Monday, 27 April 2015

What is a Canadian Bankruptcy Trustee’s Role in a Consumer Proposal?

A Canadian Bankruptcy Trustee’s role in a consumer proposal can be very confusing for consumers largely because of the advertising done by Canadian Bankruptcy Trustees. These Trustees advertise a way out of debt and offer to help you out of your financial problems, almost as though they represent you and your best interests through the process.

Full stop. This is not the case at all.

Trustees need you in order to stay in business. No bankruptcies and consumer proposals = no need for the Trustee. In fact, while in a bankruptcy they are bound by pre-defined tariffs, in a consumer proposal they are compensated based on the amount of the consumer proposal. Bigger proposal = more fees for them. While they advertise the benefits of a bankruptcy or proposal and are the only ones who can administer one, they in no way represent you.

In order to be able to understand their role in the consumer proposal process, let’s look at what the duties of a Canadian Bankruptcy Trustee actually are.

Consumer proposals and bankruptcies are both very powerful tools you can deploy to put a stop to debt that has become unmanageable. Because the process to file both is legislated under the Bankruptcy and Insolvency Act (BIA), both must be administered by a Trustee appointed by the Superintendent of Bankruptcy. This Trustee is the Bankruptcy Trustee. Their role is to ensure that a consumer proposal or bankruptcy is administered fairly and in accordance with the BIA – to the benefit of you AND your creditors.

When you meet the Trustee in Bankruptcy you may see no harm in divulging personal information to them because you feel that you are with your representative. However, that information may be considered in whatever proposal scenario they put forward. Once you disclose information to the Bankruptcy Trustee, this information can now be relayed to your creditors.

Going to a Trustee in Bankruptcy directly would be the same as being charged with a crime and meeting with the prosecutor without a lawyer. Prior to making contact with a Trustee you should sit down with a trusted financial advisor who has experience with insolvency to work through different financial scenarios – one of which may be a proposal. Because this individual is your representative, you are able to openly discuss all of the issues and then they can advise you on which options are relevant to bring forward.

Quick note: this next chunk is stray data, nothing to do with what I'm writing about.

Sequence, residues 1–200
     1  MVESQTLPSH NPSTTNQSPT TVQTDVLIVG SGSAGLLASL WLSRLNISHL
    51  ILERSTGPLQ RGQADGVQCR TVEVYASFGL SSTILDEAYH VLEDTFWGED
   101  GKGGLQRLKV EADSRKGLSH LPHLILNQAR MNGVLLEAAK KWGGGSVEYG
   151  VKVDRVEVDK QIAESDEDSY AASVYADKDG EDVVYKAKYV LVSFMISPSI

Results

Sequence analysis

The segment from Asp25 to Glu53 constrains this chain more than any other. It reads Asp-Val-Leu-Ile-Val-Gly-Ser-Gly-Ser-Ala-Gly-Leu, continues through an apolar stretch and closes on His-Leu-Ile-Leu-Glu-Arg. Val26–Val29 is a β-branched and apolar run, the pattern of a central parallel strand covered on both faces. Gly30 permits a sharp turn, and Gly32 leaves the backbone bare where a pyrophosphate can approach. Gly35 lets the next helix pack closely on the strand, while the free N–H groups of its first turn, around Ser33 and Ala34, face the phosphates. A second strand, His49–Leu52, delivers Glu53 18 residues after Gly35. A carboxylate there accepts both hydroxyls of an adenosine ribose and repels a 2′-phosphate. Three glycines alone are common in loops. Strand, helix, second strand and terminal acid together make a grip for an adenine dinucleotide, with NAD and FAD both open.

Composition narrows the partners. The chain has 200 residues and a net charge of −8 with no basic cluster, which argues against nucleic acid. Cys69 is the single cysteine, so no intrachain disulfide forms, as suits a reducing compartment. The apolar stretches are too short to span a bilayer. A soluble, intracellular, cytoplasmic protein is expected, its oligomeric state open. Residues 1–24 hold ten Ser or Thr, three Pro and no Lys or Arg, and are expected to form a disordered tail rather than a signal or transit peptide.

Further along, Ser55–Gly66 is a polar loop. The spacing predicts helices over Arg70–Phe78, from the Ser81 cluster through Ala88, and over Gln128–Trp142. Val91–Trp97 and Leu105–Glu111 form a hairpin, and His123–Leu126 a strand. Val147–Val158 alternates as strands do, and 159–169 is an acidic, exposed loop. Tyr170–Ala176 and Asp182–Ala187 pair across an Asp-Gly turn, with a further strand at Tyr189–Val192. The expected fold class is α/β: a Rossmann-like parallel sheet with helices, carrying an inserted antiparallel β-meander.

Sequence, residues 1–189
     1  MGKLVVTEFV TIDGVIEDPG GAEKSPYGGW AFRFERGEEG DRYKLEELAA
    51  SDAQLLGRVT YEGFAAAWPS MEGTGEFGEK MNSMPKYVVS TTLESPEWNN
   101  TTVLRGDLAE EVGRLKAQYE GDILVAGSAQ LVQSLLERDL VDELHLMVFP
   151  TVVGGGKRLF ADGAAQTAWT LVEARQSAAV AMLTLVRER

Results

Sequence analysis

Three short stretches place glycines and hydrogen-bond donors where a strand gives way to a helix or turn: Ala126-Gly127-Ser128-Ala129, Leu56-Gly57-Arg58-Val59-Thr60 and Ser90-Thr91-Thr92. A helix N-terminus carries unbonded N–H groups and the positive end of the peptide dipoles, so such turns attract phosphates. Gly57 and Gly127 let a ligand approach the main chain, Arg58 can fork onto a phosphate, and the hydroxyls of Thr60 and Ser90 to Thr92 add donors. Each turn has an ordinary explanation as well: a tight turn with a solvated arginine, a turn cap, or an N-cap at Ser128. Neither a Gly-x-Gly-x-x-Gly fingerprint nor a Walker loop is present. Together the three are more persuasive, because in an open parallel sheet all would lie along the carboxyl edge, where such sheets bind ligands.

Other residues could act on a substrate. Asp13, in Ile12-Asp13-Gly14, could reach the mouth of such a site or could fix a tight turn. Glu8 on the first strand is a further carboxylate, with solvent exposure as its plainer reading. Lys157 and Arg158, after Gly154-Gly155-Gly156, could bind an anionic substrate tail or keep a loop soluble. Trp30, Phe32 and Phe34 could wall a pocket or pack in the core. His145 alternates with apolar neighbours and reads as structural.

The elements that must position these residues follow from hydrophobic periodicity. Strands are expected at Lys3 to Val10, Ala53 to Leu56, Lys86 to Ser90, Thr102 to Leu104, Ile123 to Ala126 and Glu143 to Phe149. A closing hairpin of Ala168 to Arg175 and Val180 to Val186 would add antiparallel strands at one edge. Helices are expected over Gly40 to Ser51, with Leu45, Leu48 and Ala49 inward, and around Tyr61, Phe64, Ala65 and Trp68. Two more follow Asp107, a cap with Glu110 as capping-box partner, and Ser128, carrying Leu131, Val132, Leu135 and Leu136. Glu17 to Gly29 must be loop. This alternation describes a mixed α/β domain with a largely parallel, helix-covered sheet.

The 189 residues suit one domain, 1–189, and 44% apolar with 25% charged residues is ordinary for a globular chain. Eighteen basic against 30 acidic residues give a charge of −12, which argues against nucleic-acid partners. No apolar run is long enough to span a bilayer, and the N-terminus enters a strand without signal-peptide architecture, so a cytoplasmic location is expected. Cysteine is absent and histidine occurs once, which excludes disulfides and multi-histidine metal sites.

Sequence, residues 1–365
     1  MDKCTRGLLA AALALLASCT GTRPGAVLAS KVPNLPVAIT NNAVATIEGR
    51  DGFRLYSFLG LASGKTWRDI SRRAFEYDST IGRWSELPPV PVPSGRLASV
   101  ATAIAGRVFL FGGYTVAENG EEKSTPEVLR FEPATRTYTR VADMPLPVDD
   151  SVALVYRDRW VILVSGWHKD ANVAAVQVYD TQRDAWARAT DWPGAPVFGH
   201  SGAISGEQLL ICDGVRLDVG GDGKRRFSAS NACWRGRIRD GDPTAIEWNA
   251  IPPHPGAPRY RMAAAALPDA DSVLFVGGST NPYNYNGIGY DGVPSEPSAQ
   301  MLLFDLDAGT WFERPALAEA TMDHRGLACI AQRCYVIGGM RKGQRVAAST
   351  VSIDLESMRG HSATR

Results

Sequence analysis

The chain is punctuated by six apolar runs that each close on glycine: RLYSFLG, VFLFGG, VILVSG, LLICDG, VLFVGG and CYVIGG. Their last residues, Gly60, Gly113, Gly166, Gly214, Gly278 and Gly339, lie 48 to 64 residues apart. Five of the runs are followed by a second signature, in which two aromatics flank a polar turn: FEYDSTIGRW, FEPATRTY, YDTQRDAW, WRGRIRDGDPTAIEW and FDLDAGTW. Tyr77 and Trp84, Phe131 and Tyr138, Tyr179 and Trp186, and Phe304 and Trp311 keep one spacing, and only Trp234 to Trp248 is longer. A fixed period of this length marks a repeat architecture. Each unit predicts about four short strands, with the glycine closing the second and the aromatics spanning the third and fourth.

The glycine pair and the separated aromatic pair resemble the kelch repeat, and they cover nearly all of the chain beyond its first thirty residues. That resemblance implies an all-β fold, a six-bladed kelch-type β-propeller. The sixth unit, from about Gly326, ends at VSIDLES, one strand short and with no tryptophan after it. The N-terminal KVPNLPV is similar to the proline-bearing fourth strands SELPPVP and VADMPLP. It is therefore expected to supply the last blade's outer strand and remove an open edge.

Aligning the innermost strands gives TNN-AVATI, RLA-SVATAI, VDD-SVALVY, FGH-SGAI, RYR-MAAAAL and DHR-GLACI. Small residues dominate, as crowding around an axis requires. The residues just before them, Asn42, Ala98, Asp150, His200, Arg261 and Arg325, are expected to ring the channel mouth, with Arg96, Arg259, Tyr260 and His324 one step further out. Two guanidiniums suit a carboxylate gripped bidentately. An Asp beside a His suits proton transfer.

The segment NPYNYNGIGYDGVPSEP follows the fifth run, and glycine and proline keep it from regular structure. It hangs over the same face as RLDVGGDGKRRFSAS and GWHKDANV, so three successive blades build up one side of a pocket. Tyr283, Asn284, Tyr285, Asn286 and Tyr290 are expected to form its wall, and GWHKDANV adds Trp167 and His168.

Earlier in the blog we mentioned that the Bankruptcy Trustee is the only professional who can administer a bankruptcy or consumer proposal, and this is true, but it is never wise to meet with one without your own representation.

Protect yourself and your financial assets - contact DebtCare before you go to a Trustee. Call us today at 1-888-890-0888.  

Monday, 20 April 2015

The Last Loan

We wanted to write this blog because we often see patterns regarding triggers for serious financial problems and clear points in time where different choices could have changed the course of the problem. Sure, there are instances where a sudden occurrence, such as a job loss or divorce, can cause abrupt and unexpected financial turmoil, but more often than not people build their financial problem over time.

This is evidenced by just about every news publication reporting that Canadians are carrying a dangerously high level of personal debt. Over time debt accumulates like a snowball.

Example scenario:

·         It only takes using those credit cards too much one month to push you into a situation where you can’t pay in full and so you make a smaller payment.
·         Eventually you have a few cards with small balances so you decide to get a line of credit to consolidate them – only you keep using the cards once you’ve paid them off.
·         Finally you decide that enough is enough - you get a consolidation loan at the bank to pay the line of credit and the credit cards.